Anyone curious about what a genuine piece of Chinese-style propaganda looks like needn't look any further than "Shen Yun," the heavily promoted song-and-dance spectacle that made its first local appearance Thursday night in Shea's Performing Arts Center.
For the past month, ads, fliers, posters, videos and manned kiosks at local malls proclaimed "Shen Yun" to be a production of surpassing elegance and beauty, a ranging collection of song, dance and story so spellbinding and meticulously produced that it has literally left millions "in awe." The show's promotional material depicts audience members staring agog and misty-eyed at "Shen Yun" productions in some of the world's biggest opera and music halls. The material promises a tear-wrenching experience of sensory overload that also manages to provide valuable modern interpretations of China's wondrous ancient traditions.
Sounds pretty awesome, right? I mean, who but the hardest-hearted cynic wouldn't want to surrender himself to all those head-spinning acrobatic moves, those eye-popping costumes and 3-D visual effects?
But this show -- or rather its mammoth and insidious promotional machine -- has left me in awe for a very different reason. The production, far from being a straightforward revue of Chinese dance, music and storytelling, is in fact a slick piece of propaganda pushing the viewpoint of Falun Gong, a spiritual group that has been persecuted by the Chinese government since the late 1990s. It is produced by New Tang Dynasty Television, a New York City-based group founded by Falun Gong followers.
"The Falun Gong stories in Shen Yun Performing Arts provide an important window into the realities of modern-day China and portray the traditional soul of Chinese people who are today facing unjust adversity," wrote YuKun Lu, whose company New Era Cultural Experience presented the Buffalo performance, in an e-mail to The News. "They are stories of human spirit and human courage, and they are stories worth telling."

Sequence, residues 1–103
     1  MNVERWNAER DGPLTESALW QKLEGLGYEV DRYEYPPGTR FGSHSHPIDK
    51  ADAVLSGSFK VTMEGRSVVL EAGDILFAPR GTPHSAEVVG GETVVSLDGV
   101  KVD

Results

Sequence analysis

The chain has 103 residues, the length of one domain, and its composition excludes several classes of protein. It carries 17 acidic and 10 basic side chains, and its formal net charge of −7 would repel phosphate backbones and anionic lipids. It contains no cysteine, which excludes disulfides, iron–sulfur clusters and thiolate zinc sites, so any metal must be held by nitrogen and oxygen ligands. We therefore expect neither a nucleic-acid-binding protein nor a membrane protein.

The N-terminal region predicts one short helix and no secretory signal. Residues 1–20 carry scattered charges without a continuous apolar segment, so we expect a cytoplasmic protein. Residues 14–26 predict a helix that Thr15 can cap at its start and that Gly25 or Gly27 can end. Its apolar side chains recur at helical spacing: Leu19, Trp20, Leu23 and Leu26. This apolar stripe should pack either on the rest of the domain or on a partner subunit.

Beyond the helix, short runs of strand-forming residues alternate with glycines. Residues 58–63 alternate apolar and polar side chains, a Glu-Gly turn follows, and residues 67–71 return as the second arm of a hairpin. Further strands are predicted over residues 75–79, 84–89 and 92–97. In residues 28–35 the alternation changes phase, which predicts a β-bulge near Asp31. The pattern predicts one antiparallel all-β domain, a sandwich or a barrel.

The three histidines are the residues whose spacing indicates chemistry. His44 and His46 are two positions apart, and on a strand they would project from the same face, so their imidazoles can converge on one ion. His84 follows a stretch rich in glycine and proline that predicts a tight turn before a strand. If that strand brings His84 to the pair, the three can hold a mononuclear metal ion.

All true. But the problem with "Shen Yun" is not its endorsement of a specific religious and political viewpoint, nor that its production numbers portraying the oppressive tactics of the Chinese government have taken some audience members by surprise. In that respect, "Shen Yun" is laudable in its effort to bring human rights abuses perpetrated by the Chinese government to the attention of the American public.
The problem lies in the marketing of the production, which mentions absolutely nothing about the unique religious and political movement that drives the show, and without which it would never have been conceived. In this way, the promoters and creators of "Shen Yun," who have picked up a reputation for misrepresentation and deception over the years, have adopted the questionable propagandist tactics of the very government they criticize in their productions. My repeated requests to interview a member of the company, or anyone associated with the production, were declined -- a further indication of the group's tight message control.
These techniques include a "newspaper," The Epoch Times, which is little more than a mouthpiece for Falun Gong. The Buffalo edition of the publication contains nothing but gleamingly positive coverage of "Shen Yun." Look up "Shen Yun" in Google News and most of what comes back are articles from various international editions of the so-called newspaper extolling the virtues of the company. This shock-and-awe onslaught of positive coverage is presumably meant to drown out more critical pieces about the group that have appeared in reputable news sources such as The New York Times, the Toronto Star and the Guardian, whose dance critic called a 2008 "Shen Yun" production "all too weird a mix of propaganda and bling."
Perhaps the creators of "Shen Yun" are so put off by the traumatic experiences of their past that they think the mere mention of Falun Gong will send potential audience members running. But their solution, far from engaging in an honest conversation with the public about the spiritual movement they seek to promote, is to wait until the audience is already in the seats to clue them in to the production's spiritual and political agenda.
If the Chinese expatriates of Falun Gong, who have been so mistreated at the hands of their former government, want to share their worthy and fascinating story with a broad international audience, the duplicitous techniques of propaganda are not the way to go.
A more daring and effective approach might be simply to tell the truth.